When an aircraft mishap occurs, specially trained investigators are sent to the scene to examine the evidence and determine a cause. Investigators examine physical evidence, witness statements, and hopefully participant’s testimony in an attempt to piece together a sequence of events that result in finding a cause. It’s an exercise in problem solving and a good system for leaders to use when solving problems with their teams.
One of the basic rules of a mishap investigation is that each investigator must approach the situation as though he or she knows nothing about what happened. Sometimes that can be difficult because of some preconceived idea or information that has already released to the public.
I was a member of a team investigating of an aircraft mishap that occurred during an airshow. The entire incident had been recorded by local television stations and an untold number of personal cell phones. It had been televised around the world on every major news channel. What had happened was quite obvious. The question we had to answer was why it had happened. That wasn’t so obvious, although there was plenty of speculation.
From my training in mishap investigation, I’ve developed a 10 step process for solving problems.
- Define the issue. What is the real problem you’re trying to solve? It’s easy to focus on what seems like the problem but is really only a symptom.
- Define the time frame. When conducting an Air Force mishap investigation we had an almost inviolate 30-day period. Know when an answer is required so that you can gage how long to spend on the next steps.
- Gather information. Remember; approach the problem as though you know nothing about it. Learn the facts of the situation and don’t let your own opinions cloud what you learn.
- Develop alternatives. There may be several ways to approach a problem. Consider more than one possibility. Don’t fall in love with any particular solution just yet.
- Discuss potential solutions. Before a mishap team writes a report, we would sit down and share what we learned and hash out the potential causal factors. When solving problems, team leaders should do the same thing. Discuss potential solutions with experts and the people who will have to implement those solutions.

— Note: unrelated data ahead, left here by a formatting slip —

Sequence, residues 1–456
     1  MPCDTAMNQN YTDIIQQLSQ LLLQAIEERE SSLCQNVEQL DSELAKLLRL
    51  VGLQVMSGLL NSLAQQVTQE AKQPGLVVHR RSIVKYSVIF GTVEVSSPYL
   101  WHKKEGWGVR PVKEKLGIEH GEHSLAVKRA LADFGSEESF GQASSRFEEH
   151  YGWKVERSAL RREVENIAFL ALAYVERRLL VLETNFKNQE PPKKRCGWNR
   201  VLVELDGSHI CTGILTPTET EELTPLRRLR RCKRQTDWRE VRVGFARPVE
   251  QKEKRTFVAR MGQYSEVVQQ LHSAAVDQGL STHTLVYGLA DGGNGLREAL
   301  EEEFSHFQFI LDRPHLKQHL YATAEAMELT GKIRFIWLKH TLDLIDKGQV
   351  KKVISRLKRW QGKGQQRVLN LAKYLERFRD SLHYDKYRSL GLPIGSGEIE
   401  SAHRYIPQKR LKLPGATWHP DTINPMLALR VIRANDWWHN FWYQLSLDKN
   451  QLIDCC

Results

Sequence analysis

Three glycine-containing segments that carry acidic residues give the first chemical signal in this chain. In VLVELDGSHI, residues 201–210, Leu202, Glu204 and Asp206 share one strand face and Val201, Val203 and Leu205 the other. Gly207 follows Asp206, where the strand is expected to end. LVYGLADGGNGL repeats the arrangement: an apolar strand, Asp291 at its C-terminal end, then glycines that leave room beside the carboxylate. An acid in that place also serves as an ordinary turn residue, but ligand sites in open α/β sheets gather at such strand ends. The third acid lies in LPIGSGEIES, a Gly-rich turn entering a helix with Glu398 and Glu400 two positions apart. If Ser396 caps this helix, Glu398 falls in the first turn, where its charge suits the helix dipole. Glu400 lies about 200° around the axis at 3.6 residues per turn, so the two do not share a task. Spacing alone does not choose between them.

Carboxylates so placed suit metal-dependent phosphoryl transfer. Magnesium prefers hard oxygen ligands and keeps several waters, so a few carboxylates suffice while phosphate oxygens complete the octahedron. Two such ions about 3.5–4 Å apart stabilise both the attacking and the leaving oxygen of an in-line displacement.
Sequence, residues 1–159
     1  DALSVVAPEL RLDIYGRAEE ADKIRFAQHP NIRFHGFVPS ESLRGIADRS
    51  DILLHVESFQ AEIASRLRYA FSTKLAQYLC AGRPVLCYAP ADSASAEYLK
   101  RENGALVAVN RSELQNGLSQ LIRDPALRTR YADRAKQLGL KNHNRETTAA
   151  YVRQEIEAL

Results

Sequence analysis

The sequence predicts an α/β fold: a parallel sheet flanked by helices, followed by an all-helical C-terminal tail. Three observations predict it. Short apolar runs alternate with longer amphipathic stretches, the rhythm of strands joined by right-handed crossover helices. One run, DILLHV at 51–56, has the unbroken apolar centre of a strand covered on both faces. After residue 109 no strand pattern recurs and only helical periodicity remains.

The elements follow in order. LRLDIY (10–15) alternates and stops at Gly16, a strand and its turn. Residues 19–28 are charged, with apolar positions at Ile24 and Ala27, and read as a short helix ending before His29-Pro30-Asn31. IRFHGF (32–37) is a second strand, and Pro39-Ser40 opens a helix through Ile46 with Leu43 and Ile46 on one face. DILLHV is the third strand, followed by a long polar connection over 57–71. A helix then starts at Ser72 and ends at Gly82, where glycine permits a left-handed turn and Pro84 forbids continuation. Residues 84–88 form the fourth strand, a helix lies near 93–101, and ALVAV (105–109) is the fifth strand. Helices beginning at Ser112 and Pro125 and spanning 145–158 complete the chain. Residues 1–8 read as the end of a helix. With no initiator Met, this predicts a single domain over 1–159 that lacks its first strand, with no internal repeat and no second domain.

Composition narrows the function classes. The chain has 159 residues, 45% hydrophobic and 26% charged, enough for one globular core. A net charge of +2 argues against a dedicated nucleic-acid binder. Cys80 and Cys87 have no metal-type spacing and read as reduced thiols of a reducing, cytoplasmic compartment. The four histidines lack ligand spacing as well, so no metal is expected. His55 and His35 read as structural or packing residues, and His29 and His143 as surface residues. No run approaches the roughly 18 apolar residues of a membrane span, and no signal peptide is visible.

- Step back. This step relies on what you determined in step 2. If time is available, step back from the issue and look at it as a disinterested third party. This may be difficult, but it will help you see aspects of potential solutions that you might not have considered.
- Change your perspective. Consider your potential solution from the point of view of those who will have to implement it or will be affected by it. It’s easy to decide on a course of action that you will not have to implement.
- Set the issue aside. Again this is dependent on the time available. By this point you’ve become quite intimate with the problem and a little time away will give you an opportunity to regain your objectivity. Give the issue a cooling-off period.
- Implement! Even though they have worked hard to come up with a solution, leaders can be afraid to implement that solution. Something might go wrong. Yes, that’s very possible. Not addressing the problem is usually worse.
- Evaluate. It’s tempting to implement a solution, then move on to the next burning issue. Mark a time in the future to check on the problem and solution. Did the solution work? Were there unforeseen or unintended results? This is important information and will add to your knowledge base when you face the next challenge.
Problem solving is one of the responsibilities of a team leader. Use these 10 steps to make that job a little easier.
These 10 steps are taken from my book Don’t Worry, You Can Do This.